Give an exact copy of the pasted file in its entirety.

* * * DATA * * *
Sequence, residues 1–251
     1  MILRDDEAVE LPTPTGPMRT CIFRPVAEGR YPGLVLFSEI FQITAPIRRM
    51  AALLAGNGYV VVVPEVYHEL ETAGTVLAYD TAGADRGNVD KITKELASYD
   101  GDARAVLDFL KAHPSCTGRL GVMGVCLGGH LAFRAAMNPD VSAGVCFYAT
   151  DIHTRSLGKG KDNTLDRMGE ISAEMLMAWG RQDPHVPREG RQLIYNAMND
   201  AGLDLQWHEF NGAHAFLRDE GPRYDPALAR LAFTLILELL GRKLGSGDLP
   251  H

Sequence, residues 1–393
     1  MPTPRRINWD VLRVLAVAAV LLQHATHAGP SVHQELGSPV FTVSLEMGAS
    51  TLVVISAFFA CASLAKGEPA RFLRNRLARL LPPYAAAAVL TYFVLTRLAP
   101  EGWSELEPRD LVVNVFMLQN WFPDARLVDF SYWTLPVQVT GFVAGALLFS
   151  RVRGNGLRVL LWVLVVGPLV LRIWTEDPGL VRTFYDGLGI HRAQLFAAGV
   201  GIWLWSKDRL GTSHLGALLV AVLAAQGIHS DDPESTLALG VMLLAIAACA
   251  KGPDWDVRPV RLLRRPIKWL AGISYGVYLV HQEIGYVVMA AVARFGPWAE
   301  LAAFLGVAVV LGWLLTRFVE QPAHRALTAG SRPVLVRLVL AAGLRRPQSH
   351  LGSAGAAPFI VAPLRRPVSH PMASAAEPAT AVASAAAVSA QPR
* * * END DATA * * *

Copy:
Sequence, residues 1–251
     1  MILRDDEAVE LPTPTGPMRT CIFRPVAEGR YPGLVLFSEI FQITAPIRRM
    51  AALLAGNGYV VVVPEVYHEL ETAGTVLAYD TAGADRGNVD KITKELASYD
   101  GDARAVLDFL KAHPSCTGRL GVMGVCLGGH LAFRAAMNPD VSAGVCFYAT
   151  DIHTRSLGKG KDNTLDRMGE ISAEMLMAWG RQDPHVPREG RQLIYNAMND
   201  AGLDLQWHEF NGAHAFLRDE GPRYDPALAR LAFTLILELL GRKLGSGDLP
   251  H

Sequence, residues 1–393
     1  MPTPRRINWD VLRVLAVAAV LLQHATHAGP SVHQELGSPV FTVSLEMGAS
    51  TLVVISAFFA CASLAKGEPA RFLRNRLARL LPPYAAAAVL TYFVLTRLAP
   101  EGWSELEPRD LVVNVFMLQN WFPDARLVDF SYWTLPVQVT GFVAGALLFS
   151  RVRGNGLRVL LWVLVVGPLV LRIWTEDPGL VRTFYDGLGI HRAQLFAAGV
   201  GIWLWSKDRL GTSHLGALLV AVLAAQGIHS DDPESTLALG VMLLAIAACA
   251  KGPDWDVRPV RLLRRPIKWL AGISYGVYLV HQEIGYVVMA AVARFGPWAE
   301  LAAFLGVAVV LGWLLTRFVE QPAHRALTAG SRPVLVRLVL AAGLRRPQSH
   351  LGSAGAAPFI VAPLRRPVSH PMASAAEPAT AVASAAAVSA QPR